One of the things that came out of my trip to Seattle was a genuine acceptance of my body for the first time. I used to be very thin (I was a UK size 10), and remained so until I got to college. Somehow, between cooking for myself and not doing enough exercise, and being depressed and some kind of general change in my metabolic rate, I started to put on weight, until I got to about a size 14. I stayed that size for a couple of years - then, as depression hit again, I went up to a size 16. To put this into perspective, a size 14 is the largest size offered in most high street fashion shops, and a size 16 is the smallest size in the "plus size" shops. People who are size 16 are fat (unless they're very muscular and need to wear that size because of their bulging muscles, or something).
Now, pretty much all women, apart from some of the very skinny ones, think that they're "too fat". But I had proof - I had clothes in my old size, and stretch marks on my legs and hips. Oh, and a doctor bitching at me about my weight (bleh). Coming into contact with fat activists, who point out that it's ok to be fat, made some difference to me. But I still felt "wrong". I felt it was ok for other people to be fat, but not for _me_ to be.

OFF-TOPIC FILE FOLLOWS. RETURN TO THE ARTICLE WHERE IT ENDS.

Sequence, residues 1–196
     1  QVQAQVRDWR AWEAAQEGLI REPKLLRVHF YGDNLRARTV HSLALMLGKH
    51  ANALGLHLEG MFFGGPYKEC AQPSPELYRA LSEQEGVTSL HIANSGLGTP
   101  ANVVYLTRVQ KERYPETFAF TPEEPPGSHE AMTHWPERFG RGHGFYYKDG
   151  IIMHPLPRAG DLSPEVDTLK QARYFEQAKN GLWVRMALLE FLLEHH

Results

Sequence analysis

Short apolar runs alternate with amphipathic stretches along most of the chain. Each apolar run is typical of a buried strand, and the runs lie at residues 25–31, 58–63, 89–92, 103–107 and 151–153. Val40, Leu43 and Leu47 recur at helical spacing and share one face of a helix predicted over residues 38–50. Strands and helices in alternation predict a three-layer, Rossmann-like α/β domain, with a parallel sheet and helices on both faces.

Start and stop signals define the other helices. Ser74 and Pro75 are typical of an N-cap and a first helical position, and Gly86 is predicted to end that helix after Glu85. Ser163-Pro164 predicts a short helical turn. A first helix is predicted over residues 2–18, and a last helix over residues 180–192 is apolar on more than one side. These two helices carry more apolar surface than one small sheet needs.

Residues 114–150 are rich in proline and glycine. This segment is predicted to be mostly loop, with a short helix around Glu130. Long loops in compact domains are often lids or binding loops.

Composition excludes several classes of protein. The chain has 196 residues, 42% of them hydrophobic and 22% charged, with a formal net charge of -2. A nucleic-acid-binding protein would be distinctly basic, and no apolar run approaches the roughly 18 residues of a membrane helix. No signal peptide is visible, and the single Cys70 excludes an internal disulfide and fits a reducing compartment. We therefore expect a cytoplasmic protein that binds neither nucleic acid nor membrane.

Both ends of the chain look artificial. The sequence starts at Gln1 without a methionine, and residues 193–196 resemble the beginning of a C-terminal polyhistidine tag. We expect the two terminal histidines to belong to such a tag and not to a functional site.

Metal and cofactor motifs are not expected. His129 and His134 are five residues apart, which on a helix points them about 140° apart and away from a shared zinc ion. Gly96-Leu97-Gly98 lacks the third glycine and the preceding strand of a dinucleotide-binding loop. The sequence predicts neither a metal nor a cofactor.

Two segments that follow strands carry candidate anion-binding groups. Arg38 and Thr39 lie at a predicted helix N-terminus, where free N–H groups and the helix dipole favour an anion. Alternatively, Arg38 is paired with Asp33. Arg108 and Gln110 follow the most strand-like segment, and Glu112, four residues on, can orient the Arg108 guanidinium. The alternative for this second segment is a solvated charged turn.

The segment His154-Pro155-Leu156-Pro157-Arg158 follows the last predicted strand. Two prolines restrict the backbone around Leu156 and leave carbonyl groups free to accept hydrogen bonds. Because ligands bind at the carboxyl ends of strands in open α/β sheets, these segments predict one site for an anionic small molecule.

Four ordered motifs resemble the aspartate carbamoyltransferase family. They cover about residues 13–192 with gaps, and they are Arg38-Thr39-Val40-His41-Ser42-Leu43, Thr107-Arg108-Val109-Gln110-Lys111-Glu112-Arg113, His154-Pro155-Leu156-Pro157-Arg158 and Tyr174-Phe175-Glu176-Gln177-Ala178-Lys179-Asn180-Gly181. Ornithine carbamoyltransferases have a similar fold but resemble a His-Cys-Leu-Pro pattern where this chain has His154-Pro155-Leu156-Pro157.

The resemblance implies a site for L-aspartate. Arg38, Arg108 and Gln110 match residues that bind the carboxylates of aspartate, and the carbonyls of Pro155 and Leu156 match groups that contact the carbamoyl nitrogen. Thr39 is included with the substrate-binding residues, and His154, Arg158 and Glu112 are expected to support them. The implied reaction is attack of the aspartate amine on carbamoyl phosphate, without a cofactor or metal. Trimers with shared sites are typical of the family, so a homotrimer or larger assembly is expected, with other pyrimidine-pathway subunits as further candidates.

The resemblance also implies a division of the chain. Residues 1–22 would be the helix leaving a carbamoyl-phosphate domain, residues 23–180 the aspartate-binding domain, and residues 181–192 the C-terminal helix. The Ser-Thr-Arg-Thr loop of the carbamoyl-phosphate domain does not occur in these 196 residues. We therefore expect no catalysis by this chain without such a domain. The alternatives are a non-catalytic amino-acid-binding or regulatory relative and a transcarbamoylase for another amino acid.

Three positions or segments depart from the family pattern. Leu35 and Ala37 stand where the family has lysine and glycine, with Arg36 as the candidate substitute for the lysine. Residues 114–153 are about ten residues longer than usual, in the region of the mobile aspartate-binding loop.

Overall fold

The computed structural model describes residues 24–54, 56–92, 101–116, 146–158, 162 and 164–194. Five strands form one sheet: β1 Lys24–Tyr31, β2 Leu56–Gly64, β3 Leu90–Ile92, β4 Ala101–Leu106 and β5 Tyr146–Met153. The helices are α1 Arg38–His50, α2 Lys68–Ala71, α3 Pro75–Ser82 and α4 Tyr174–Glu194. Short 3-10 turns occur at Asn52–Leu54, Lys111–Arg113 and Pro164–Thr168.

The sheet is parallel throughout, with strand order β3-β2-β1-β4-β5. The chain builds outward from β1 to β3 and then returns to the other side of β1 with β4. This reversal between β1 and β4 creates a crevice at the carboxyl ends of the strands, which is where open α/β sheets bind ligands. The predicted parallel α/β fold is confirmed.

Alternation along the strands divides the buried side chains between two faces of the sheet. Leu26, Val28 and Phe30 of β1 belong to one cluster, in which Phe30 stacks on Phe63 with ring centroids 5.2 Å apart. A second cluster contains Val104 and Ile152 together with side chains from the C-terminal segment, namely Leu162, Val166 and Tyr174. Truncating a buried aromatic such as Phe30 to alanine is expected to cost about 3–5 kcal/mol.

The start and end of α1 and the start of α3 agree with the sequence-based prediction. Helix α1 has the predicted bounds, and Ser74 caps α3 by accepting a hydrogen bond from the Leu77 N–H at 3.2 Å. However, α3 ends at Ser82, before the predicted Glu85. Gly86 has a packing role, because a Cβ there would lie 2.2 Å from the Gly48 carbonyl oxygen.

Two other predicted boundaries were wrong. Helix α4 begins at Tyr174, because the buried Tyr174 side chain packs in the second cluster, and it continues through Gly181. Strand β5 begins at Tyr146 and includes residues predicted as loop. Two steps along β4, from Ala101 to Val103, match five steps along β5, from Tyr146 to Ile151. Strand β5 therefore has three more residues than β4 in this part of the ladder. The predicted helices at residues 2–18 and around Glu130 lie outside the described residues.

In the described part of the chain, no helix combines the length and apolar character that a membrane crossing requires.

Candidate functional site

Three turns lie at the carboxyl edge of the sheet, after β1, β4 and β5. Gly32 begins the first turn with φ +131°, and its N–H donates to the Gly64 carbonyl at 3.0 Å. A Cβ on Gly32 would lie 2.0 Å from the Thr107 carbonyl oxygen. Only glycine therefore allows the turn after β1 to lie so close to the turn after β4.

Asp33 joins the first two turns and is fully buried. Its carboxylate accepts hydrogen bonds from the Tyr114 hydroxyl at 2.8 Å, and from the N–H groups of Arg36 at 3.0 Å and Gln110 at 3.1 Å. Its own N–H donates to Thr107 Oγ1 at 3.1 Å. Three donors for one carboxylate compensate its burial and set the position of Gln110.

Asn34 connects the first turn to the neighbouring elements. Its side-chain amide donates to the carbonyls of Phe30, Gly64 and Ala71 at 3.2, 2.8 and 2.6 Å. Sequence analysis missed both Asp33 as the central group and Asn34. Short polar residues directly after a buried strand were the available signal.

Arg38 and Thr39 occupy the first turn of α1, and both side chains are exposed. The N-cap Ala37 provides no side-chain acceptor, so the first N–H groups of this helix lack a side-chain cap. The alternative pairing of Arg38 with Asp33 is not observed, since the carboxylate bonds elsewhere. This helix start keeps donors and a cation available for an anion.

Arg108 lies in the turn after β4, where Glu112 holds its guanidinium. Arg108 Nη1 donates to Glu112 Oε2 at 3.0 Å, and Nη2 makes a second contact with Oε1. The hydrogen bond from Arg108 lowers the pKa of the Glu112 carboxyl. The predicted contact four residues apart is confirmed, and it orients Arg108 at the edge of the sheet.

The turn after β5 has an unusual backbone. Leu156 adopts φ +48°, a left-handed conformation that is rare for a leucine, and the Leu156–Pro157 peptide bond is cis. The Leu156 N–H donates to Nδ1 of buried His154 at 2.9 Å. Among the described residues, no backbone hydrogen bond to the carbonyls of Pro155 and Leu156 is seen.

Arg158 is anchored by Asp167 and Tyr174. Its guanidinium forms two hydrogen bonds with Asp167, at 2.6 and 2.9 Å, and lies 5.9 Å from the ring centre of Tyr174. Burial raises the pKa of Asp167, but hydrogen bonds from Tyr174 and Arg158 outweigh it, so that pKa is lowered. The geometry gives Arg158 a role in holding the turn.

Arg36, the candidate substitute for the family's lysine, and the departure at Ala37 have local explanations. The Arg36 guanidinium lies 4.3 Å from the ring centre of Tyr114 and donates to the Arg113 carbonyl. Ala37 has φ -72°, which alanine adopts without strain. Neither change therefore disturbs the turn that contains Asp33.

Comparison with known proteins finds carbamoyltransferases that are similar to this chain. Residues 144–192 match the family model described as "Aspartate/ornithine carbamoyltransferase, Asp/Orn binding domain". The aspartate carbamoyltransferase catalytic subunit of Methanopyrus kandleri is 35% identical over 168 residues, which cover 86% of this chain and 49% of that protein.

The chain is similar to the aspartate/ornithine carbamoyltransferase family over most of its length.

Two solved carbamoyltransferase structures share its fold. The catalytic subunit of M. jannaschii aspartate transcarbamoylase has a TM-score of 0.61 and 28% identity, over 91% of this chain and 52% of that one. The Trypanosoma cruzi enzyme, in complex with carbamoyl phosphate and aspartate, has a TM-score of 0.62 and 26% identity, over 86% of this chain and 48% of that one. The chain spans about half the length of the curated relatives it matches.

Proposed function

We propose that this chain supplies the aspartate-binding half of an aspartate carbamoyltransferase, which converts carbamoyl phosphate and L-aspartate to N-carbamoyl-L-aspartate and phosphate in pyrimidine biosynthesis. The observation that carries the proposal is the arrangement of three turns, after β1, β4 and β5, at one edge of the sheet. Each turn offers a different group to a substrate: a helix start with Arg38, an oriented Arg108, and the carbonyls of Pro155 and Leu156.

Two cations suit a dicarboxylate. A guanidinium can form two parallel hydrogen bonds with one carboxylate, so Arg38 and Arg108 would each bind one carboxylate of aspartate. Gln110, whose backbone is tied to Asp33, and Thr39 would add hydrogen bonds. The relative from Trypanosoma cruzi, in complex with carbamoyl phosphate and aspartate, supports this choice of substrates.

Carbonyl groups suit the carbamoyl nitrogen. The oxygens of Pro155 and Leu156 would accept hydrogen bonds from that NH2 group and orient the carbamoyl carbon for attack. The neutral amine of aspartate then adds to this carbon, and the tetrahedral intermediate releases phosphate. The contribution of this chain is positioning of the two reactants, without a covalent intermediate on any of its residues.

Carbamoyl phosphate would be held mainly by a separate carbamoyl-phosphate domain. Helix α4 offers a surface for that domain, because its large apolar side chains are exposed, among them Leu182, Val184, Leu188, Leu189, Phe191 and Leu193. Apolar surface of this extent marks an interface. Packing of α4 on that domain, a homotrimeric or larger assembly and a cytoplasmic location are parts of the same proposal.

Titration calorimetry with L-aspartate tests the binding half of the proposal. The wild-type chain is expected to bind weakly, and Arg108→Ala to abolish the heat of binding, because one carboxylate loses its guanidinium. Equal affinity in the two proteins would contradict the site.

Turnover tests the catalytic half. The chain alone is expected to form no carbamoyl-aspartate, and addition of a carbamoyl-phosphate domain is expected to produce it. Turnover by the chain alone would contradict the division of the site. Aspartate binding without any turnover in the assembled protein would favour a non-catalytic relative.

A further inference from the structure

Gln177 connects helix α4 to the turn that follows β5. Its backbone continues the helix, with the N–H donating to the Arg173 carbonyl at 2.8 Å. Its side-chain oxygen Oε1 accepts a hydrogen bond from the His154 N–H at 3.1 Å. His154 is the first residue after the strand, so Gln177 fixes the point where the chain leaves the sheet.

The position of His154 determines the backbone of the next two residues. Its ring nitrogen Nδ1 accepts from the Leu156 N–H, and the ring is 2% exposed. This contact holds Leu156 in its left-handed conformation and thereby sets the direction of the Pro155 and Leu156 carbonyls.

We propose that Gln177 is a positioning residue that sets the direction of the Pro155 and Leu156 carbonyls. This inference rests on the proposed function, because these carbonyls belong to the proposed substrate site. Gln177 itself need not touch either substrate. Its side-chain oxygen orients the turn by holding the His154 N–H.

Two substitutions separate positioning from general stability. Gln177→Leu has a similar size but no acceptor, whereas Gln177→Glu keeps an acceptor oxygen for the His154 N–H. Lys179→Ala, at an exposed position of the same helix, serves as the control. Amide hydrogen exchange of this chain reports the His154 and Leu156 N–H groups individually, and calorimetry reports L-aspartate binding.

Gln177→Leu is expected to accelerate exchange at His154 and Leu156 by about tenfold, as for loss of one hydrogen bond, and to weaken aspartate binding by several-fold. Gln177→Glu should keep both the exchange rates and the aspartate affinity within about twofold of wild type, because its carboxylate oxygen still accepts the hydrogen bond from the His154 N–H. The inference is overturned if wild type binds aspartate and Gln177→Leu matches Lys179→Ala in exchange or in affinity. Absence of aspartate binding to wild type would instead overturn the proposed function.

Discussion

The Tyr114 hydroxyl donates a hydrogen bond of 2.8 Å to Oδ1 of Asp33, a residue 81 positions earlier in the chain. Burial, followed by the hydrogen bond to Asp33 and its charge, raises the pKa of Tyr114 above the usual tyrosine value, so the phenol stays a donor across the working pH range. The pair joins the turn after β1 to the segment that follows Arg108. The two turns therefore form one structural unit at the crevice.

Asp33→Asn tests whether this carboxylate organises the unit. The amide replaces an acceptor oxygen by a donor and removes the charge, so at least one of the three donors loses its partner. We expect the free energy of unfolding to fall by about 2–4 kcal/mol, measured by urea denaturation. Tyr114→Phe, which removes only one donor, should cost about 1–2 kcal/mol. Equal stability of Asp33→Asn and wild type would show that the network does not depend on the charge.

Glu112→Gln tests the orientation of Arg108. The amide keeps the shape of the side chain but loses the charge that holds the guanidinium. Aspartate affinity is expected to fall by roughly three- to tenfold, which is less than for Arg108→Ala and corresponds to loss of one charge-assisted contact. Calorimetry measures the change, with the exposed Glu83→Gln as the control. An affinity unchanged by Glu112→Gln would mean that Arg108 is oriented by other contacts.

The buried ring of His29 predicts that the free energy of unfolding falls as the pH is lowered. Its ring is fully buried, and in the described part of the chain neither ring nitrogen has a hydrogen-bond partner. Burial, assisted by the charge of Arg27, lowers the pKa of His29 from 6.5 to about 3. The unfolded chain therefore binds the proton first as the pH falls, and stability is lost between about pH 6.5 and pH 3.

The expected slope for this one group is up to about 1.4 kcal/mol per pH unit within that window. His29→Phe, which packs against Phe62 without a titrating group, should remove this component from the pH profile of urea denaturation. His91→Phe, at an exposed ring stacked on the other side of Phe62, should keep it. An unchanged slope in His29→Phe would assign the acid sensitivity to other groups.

Somehow, sometime during my trip to Seattle, this attitude changed. I didn't notice the change as it happened - I've only just noticed it now. Suddenly I feel comfortable with my body again. I've found clothes that I look good in, and I don't feel revolted by seeing myself naked any more. Plenty of other people think I'm attractive - including people that I consider to be pretty darn amazing. Why shouldn't I find myself attractive?
I was pointed at this link today: the website of a book called Women En Large. It's a gallery of photos of naked fat women. And the women in these photos are _beautiful_. It's awe-inspiring.